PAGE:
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Fair Play

Fair Play

By Alexander Lowe
22 September 2014

The Australian Football League (AFL) has cancelled a sponsorship deal between its affiliated league in Europe and Royal Brunei Airlines. AFL had earlier this year pledged to combat eliminate homophobia in sports so discovery of sponsorship with the state-run airline of Brunei, country with anti-gay laws, became a major embarrassment. Sponsorship agreement to fly international players between Melbourne and London came amidst a worldwide boycott campaign against businesses owned by the Sultan of Brunei after he introduced harsh Sharia laws in his country condemned by the UN and range of countries including US and Australia.

When fully implemented next year, new laws will impose penalties including flogging, the dismemberment of limbs and stoning to death for homosexuals and female adulterers. The new legislation caused an outrage among human rights organizations and a celebrity endorsed boycott of the Sultan’s owned hotels from the Dorcherster Collection chain, in particular the iconic Beverley Hills Hotel.

The AFL released a statement that it was unaware of Brunei's adoption of the laws which “are counter to everything the AFL stands for in regards to inclusion and diversity”. ALLOUT started campaign against the deal just a day before it was cancelled.

Sultan of Brunei’s planned to purchase new hotels in New York and London but leading US advocacy group Human Rights Campaign (HRC) mobilized public against the deal.

Brunei’s government owned Royal Brunei Airlines is intimately connected with Sultan who had one of their Boeing 747 planes turned into flying palace featuring wash basins of solid gold. With unlimited at the tap access to cheap fuel (gasoline goes in Brunei for US$0.42 a litre), the airline undercuts competition luring New Zealanders with heavily discounted fares to fly to London via Brunei. Special offers from Royal Brunei Airlines are prominently advertised by United Travel and House of Travel and the airline is also featured on Expedia, Webjet, the Flight Centre and STA NZ websites.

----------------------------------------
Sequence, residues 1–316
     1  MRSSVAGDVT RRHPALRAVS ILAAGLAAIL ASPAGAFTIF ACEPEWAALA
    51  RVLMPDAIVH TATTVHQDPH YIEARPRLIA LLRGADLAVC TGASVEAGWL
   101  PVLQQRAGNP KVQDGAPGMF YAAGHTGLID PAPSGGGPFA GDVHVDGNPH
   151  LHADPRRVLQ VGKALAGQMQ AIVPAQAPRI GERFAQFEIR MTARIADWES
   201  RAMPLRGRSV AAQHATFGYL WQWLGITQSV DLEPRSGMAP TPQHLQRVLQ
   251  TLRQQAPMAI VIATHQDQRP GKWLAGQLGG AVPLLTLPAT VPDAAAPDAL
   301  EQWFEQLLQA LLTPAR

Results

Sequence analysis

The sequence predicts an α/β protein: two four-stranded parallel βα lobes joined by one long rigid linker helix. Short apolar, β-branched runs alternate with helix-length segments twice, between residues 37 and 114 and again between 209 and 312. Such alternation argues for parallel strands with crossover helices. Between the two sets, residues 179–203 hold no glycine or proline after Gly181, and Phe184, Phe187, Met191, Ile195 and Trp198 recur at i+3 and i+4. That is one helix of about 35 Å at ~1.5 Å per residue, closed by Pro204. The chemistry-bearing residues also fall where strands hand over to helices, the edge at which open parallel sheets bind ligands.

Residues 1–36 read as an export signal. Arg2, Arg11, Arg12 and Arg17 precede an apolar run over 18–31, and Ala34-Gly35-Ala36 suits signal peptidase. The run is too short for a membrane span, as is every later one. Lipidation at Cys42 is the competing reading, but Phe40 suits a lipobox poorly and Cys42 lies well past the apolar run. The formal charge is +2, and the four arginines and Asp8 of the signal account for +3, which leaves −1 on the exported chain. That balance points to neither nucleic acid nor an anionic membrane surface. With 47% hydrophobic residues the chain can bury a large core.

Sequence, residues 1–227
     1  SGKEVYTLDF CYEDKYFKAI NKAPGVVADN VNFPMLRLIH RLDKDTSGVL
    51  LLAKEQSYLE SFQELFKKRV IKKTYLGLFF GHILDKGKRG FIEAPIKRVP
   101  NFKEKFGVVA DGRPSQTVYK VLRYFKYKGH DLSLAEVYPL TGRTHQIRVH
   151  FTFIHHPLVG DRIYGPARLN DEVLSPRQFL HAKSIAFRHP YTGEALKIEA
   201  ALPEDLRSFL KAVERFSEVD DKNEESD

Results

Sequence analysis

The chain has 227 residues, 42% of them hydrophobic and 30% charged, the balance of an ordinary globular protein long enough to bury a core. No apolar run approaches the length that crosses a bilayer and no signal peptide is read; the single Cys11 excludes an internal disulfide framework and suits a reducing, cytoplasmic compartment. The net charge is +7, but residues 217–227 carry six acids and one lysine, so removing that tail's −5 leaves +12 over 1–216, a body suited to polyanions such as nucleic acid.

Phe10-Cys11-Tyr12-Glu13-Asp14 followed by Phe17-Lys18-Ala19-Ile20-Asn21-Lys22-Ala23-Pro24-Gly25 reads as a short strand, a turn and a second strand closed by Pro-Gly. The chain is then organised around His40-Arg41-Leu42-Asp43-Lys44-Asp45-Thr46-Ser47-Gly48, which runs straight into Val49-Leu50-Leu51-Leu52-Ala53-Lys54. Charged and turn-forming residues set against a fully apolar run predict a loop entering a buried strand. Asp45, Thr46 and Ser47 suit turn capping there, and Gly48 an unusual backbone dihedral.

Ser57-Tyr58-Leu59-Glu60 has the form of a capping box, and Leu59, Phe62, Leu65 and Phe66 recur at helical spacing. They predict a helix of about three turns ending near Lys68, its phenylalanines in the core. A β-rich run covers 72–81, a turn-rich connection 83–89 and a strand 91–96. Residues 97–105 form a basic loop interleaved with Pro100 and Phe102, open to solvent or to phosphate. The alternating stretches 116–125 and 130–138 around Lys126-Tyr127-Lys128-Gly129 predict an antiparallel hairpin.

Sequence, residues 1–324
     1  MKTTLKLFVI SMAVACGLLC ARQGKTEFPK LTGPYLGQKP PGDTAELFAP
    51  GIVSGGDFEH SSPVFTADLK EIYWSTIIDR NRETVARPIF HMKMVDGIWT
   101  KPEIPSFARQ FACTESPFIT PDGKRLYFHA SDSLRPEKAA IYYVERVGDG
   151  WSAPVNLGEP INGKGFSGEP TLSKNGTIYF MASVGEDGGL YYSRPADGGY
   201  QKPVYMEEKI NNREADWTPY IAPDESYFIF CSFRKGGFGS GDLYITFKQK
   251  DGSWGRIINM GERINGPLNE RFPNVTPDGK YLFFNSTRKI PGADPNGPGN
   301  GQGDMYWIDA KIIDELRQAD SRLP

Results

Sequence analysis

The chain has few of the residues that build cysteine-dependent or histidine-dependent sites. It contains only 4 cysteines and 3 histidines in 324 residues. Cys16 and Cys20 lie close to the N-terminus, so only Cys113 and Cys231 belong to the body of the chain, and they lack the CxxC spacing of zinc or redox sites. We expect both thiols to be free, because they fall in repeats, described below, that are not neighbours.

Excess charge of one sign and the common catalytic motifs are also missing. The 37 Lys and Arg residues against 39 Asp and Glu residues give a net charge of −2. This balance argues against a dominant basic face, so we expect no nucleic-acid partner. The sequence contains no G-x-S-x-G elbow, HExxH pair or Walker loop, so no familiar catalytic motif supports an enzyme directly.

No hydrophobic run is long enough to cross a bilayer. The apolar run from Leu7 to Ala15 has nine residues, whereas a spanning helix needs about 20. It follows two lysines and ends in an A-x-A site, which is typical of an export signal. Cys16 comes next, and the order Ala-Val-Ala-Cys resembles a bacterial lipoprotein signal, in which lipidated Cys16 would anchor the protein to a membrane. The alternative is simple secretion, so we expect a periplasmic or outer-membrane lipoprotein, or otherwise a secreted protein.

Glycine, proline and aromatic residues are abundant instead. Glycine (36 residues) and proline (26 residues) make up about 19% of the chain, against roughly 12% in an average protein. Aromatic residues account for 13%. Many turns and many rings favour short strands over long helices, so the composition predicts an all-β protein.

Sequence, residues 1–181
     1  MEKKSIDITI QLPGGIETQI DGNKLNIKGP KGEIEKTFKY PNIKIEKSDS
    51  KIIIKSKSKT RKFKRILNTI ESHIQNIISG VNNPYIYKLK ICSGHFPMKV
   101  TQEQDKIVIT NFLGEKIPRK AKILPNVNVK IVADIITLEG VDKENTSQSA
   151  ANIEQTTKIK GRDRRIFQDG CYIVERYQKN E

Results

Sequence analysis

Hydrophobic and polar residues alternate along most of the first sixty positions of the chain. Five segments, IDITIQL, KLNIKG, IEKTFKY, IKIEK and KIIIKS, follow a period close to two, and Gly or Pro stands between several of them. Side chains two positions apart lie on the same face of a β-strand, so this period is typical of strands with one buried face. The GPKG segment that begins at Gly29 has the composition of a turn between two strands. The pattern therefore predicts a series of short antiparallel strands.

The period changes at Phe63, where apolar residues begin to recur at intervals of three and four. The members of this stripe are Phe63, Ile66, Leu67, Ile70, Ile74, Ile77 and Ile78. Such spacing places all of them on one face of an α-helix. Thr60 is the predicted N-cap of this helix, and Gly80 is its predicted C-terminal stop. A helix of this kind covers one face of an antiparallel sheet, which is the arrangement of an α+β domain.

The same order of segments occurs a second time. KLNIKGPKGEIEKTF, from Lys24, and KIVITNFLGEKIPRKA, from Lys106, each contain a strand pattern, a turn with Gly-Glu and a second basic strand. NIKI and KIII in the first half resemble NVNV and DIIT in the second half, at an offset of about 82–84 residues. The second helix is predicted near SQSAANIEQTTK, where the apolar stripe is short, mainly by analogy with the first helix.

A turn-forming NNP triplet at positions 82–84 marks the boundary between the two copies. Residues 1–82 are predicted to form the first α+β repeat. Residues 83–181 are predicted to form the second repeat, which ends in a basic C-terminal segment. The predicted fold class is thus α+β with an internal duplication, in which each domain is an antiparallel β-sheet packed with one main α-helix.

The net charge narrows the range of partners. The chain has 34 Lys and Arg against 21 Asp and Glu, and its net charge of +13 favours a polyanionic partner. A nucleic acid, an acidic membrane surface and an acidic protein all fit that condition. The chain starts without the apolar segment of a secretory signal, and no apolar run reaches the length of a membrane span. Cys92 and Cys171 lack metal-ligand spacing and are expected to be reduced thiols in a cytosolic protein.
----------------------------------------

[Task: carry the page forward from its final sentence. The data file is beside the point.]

So far New Zealand, unlike other countries like Canada, Australia, UK and the USA, has not updated its travel advice for Brunei, there is no mention of sharia law been introduced and no warning for LGBT travellers. And NZ government’s safetravel website also fails to mention that Brunei bans people with HIV/AIDS from entering the country and that they would be deported. Apart from tourists and transit passengers, there are approximately 150 NZ nationals who reside in Brunei and can be affected with Brunei sharia law that is extended to non-Muslim foreign nationals who could be punished even just for using the word ‘Allah’.

New Zealand is the 4th biggest export market for Brunei. While over 100 US members of congress called to exclude Brunei from TPPA negotiations, and Australia is questioning Brunei over new stoning laws before further trade negotiations, NZ has been effectively in free trade agreement with Brunei through four-country TPPA. The latest available figures for 2012 show that that Brunei in a year has doubled its crude oil export to NZ to the cost of nz$1.1billion while import from NZ remained stable, at nz$5,8 million only. Free trade agreements are known to benefit major exporters and current TPPA only appears to increases imbalance of trade between Brunei and NZ.

So far Sultan continues to enjoy royal treatment in NZ, his ‘stone-the-gays’ sharia law has neither been criticized nor even mentioned by NZ government officials. In the meantime New Zealanders are lured to travel to this according to NZ government website ‘friendly’ destination on Royal Brunei Airlines while New Zealand continues to increases its trade deficit with Brunei through existing TPPA.

© Scoop Media

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